From Fort Point, I went across the Golden Gate Bridge, then along a divided highway with your standard fast food chains and grocery stores. I left this road to go east on California State Route 37, a two lane rural highway that somehow attempts to move tens of thousands of cars. My whole afternoon was spent on this ridiculous road, as we had stop and go traffic while individual cars turned at a stop sign miles ahead. I truly felt sorry for the people that have to endure this road every work day.

This meant I had to race to get to Sacramento in time to watch the game. I initially had plans to stay at some cheap motel and walk a few kilometers to the game, but now I had no time. I was tired and irritated, and not thinking very clearly, when I went into the Holiday Inn Express and inquired about their rates.

$167.49 with tax? You have to be f'in kidding me.

I had planned this layover to see a Kings game though...fine.

(I know, I know - I should have slept in the car. Damn exhaustion.)

The reason I was so set on seeing a Sacramento Kings game was that the they were moving to Seattle at season's end.

Well, they were moving when I bought my plane tickets and game tickets, but by the time I was actually at the game here in Sacramento, it wasn't such a certainty.

(They are indeed still in the league in 2013-14.)

Oh well though. I still went to a game at the comically named Sleep Train Arena. Sleep Train is better known from its original name of ARCO Arena, but Sleep Train bought the naming rights in 2012, after Power Balance Sports Bracelets lost their naming rights. Sleep Train is tied for the 3rd oldest arena in the NBA with the BMO Bradley Center in Milwaukee and The Palace of Auburn Hills (all three were built in 1988).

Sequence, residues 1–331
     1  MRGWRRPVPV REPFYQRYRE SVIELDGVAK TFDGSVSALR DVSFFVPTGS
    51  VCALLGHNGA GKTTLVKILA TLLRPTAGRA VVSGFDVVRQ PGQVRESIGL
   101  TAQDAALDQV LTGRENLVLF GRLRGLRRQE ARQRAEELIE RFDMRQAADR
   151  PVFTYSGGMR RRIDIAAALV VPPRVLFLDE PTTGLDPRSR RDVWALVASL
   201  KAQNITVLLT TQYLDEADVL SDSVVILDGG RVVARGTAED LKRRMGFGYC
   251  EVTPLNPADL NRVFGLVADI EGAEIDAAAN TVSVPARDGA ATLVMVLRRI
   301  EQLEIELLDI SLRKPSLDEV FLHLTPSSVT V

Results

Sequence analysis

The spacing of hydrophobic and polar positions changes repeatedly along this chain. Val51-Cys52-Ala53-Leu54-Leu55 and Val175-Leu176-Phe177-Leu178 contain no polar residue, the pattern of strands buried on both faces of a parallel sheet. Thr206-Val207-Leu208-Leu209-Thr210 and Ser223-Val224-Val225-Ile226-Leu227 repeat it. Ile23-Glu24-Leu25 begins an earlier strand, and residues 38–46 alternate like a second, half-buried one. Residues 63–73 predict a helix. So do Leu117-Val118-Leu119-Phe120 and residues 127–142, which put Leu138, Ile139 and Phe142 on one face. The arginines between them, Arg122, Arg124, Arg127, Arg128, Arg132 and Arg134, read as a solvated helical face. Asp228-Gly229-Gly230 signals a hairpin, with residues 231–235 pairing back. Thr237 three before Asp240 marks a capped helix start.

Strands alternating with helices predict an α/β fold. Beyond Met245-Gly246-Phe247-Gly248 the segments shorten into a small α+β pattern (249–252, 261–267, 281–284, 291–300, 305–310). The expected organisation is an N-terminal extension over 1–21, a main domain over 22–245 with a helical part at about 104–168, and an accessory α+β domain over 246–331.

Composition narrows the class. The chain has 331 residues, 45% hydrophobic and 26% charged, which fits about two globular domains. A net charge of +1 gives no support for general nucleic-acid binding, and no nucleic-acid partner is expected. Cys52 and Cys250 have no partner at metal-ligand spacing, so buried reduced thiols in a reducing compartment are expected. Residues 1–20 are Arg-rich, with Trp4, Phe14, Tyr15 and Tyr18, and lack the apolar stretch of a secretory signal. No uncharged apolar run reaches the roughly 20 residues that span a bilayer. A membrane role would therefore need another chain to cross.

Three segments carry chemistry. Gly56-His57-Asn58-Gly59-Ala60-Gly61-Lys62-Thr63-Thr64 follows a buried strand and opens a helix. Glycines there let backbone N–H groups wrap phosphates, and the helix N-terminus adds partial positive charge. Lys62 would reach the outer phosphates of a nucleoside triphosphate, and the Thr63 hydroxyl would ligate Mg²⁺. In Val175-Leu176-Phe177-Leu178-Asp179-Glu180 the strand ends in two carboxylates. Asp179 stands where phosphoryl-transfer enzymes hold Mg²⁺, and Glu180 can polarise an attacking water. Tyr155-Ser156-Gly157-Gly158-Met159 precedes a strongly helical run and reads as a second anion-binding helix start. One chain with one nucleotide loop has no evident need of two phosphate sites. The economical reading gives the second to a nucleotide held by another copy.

With the Kings committing to Sacramento for the foreseeable future, a new downtown arena is planned for California's capital city by 2017.

Where as I was so blown away by the boring atmosphere of The Palace of Auburn Hills, I was really impressed with Sacramento. Fans around me seemed knowledgeable and fired up about how their Kings were performing. It was night & day a better experience than what I had at the Pistons game. I had to give it to these people cheering on their Kings so heartily, with the uncertainty surrounding their team at the time.

I made sure to pick up a Sacramento Kings souvenir after the game & the team store was a madhouse with 50%-off deals. I eventually settled on a Thomas Robinson shirt, since he's my boy from his Kansas Jayhawks days. Walking up to the cashier, some dopey, drunken fool was joking with the poor teenage girl cashier about how she wouldn't have a job after a few more games; which was really uncomfortable and sad. The dude then said something that was in really poor taste towards mentally challenged people, so I simply wrote him off as amongst the dregs of society & moved along.

After walking around the arena multiple times in the past 3 hours, I then came outside and was confused as to which direction it was back to my $167.49 room. After a police officer had no clue where the Holiday Inn Express was, I simply started walking, finding a 6-pack of beer at a Safeway before discovering my hotel base.

The room was nice enough, but worth $167.49? I suppose I value $167.49 more than most people.

The next morning, after checking out of my hotel room, I eyed unfinished strip mall ruins across the street, but decided against hopping a fence & risking the trespassing for something so preposterous.